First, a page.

On December 3, 2020, American Airlines made a demonstration flight for journalists to explain the FAA-required modifications, to regain public trust.[96] The first airline to resume regular passenger service was Brazilian low-cost Gol, on December 9, 2020.[97] The first in the United States was American Airlines on December 29.[98]

Transport Canada and EASA both cleared the MAX in late January 2021, subject to additional requirements.[99][100] Several more regulators worldwide have ungrounded the aircraft since then, including those in the UAE, Australia, Kenya, and Brazil.[101]

Replacement airliner

In November 2014, Boeing talked about developing a clean sheet aircraft to replace the 737. The conceived aircraft was to have a slightly larger but similar fuselage to 737 and would make use of the advanced composite technology developed for the 787 Dreamliner.[102] Boeing also considered a parallel development along with the 757 replacement, similar to the development of the 757 and 767 in the 1970s.[103]

Design

In mid-2011, one design objective was matching fuel burn of the 737 MAX to that of the Airbus A320neo's 15% fuel-burn advantage. The initial 737 Max reduction was 10–12%; it was later enhanced to 14.5%. The fan was widened from 61 in (150 cm) to 69.4 in (176 cm) by raising the nose gear and placing the engine higher and forward. The split tip winglet added 1–1.5% fuel burn reduction and a re-lofted tail cone another 1%. Electronically controlling the bleed air system improved efficiency. The new engine nacelle included chevrons, similar to those of the Boeing 787, which also helped to reduce engine noise.[104]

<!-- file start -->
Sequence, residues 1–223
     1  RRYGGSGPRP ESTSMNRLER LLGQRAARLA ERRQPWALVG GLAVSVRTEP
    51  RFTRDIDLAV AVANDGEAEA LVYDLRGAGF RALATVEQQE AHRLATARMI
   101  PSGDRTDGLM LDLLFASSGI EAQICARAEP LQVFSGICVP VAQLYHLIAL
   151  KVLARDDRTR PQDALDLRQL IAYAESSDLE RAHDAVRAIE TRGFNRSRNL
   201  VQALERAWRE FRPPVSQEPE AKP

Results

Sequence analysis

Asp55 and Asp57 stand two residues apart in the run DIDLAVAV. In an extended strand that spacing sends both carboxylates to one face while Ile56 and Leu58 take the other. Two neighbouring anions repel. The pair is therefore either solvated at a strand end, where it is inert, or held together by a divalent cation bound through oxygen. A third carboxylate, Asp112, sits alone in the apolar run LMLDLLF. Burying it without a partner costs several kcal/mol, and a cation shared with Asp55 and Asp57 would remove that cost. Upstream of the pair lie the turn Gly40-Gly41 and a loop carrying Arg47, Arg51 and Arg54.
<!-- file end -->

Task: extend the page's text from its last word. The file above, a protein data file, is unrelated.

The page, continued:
Aerodynamic changes

Boeing's new "split tip" winglet on the 737 MAX

The split tip wingtip device is designed to maximize lift while staying in the same ICAO Aerodrome reference code letter C gates as current Boeing 737s. It traces its design to the McDonnell Douglas MD-12 1990s twin-deck concept, proposed for similar gate restrictions before the Boeing merger.[105] A MAX 8 with 162 passengers on a 3,000 nmi (5,600 km) flight is projected to have a 1.8% better fuel burn than a blended-winglet-equipped aircraft and 1% over 500 nmi (930 km) at Mach 0.79.[105] The new winglet is 9 ft 6 in (2.90 m) in total height.[106]

Aviation Partners offers a similar "Split-Tip Scimitar" winglet for previous 737NGs.[107] It resembles a three-way hybrid between a blended winglet, wingtip fence, and raked wingtip.

Other improvements include a re-contoured tail cone, revised auxiliary power unit inlet and exhaust, aft-body vortex generators removal, and other small aerodynamic improvements.[28]

Structural and other changes

The 8 in (20 cm) taller nose-gear strut maintains the same 17-inch (43 cm) ground clearance of previous 737 engine nacelles.[28] New struts and nacelles for the heavier engines add bulk, the main landing gear and supporting structure have been reinforced, and fuselage skins are thicker in some places—thus adding 6,500 lb (2,900 kg) to the MAX 8's empty aircraft weight.[28] To preserve fuel and payload capacity, its maximum takeoff weight is 7,000 lb (3,200 kg) heavier.[28]

Rockwell Collins was selected to supply four 15.1-inch (380 mm) landscape liquid crystal displays (LCD), as used on the 787, to improve pilots' situation awareness and efficiency.[108] Boeing plans no major modifications for the 737 MAX flight deck, as it wants to maintain commonality with the 737 Next Generation family. Boeing Commercial Airplanes CEO Jim Albaugh said in 2011, that adding more fly-by-wire control systems would be "very minimal".[109] However, the 737 MAX extended spoilers are fly-by-wire controlled.[106] Most of the systems are carried from the 737NG to allow for a short differences-training course to upgrade flight crews.[28]

In addition to the Speed Trim System (STS), the automatic stabilizer control system has been enhanced to include MCAS. Compared to STS, MCAS has greater authority and cannot be disengaged with the aft and forward column cutout switches. The center console stabilizer-trim cutout switches have been re-wired. Unlike previous versions of the 737, the automatic stabilizer trim control functions cannot be turned off while retaining electric trim switches functionality.[110]